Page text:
A new People Power in the Philippines could be expected to rise if the new Cybercrime Law implemented will not be removed or amended.
As President Benigno Aquino III signed the Cybercrime Prevention Act of 2012 last September 12, lots of people having access to the web, from bloggers to Facebook and Twitter users, expressed their protest against the law.
This law, which is also known as Republic Act No. 10175, aims to stop hacking, online pornography, spamming, identity thefts, and other cybercrimes. This also gives permission for authorities to get data from personal social media accounts or spy on video and voice applications, like Skype, even without the issue of a warrant.
However, what made this Cybercrime Law toughly controversial is its inclusion of online libel in the sections 4, 5, and 6. Facebook or Twitter users can then be locked up in jail for 12 years just for posting defamatory comments. Petitions for a temporary restraining order (TRO) for this law has been filed as a result since people believe it takes away the freedom of expression.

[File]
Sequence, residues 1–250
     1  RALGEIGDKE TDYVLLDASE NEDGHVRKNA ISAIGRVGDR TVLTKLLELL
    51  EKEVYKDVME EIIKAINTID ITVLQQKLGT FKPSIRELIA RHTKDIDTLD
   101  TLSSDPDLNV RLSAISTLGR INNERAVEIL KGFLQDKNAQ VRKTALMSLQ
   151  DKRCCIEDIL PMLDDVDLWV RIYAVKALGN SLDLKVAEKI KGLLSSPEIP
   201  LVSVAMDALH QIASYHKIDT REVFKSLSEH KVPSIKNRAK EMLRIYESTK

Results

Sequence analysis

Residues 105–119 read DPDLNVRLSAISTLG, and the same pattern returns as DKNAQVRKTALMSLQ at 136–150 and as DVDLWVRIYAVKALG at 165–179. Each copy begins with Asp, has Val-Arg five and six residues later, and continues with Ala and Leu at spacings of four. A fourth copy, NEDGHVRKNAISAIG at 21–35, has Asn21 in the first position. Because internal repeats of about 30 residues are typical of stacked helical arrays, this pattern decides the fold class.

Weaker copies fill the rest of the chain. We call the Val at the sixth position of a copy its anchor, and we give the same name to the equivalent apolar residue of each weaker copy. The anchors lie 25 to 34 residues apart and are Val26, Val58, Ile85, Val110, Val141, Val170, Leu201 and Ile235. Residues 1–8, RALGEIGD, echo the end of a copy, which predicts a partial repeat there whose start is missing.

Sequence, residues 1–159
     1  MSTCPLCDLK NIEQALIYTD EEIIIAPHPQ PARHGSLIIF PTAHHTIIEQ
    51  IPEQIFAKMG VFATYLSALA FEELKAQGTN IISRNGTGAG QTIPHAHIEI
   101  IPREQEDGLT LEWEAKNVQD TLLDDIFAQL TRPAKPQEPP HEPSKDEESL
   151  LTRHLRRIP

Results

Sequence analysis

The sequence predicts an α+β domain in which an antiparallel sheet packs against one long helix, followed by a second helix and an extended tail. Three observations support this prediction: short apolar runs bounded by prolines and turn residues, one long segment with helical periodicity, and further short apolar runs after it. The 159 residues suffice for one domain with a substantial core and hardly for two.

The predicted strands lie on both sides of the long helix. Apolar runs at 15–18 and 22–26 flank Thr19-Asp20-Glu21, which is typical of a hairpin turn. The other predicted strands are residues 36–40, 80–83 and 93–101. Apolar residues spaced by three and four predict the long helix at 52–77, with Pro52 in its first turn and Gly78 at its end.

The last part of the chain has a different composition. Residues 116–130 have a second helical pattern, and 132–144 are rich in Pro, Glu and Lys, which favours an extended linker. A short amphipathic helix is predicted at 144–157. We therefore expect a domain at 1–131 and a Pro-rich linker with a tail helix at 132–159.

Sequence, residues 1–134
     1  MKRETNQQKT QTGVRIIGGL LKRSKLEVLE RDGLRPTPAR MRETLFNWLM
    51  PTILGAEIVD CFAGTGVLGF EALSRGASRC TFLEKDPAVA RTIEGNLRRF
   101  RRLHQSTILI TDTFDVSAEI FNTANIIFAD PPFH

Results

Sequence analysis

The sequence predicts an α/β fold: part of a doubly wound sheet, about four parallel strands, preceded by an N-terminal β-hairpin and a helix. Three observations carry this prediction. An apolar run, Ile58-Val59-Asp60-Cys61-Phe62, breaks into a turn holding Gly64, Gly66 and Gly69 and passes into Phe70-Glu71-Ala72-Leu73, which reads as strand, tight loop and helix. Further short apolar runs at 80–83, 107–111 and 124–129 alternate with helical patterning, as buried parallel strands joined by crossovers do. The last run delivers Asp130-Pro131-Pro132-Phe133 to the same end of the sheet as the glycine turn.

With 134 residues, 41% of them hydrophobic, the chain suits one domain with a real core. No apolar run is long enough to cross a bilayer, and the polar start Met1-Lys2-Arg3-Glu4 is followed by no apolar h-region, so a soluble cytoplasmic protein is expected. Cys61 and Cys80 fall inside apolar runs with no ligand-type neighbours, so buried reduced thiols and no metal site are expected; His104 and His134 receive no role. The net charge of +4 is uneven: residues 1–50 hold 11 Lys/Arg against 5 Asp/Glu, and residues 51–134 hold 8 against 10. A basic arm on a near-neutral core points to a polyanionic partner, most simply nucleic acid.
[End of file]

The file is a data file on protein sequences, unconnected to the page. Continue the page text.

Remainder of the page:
How this will affect OFWs
Being outside the Philippines does not guarantee that a Filipino cannot be affected by this new law. Personally, as an OFW blogger, I depend so much on the web not only for the postings of my blogs but also to connect to the people in the Philippines.
Since we are outside the country, no doubt, we OFWs rely much on social media to communicate with our loved ones left behind and even air our grievances to the government. It is only through the web that we can express ourselves as Filipinos so if we will be limited in this area, we become completely shut out from being part of our nation.
Philippines is a democratic country and the freedom of expression and speech has been implemented way before. Yes, it is good to have laws against cybercrimes—real cybercrimes—but it should not be at the expense of the freedom of individuality.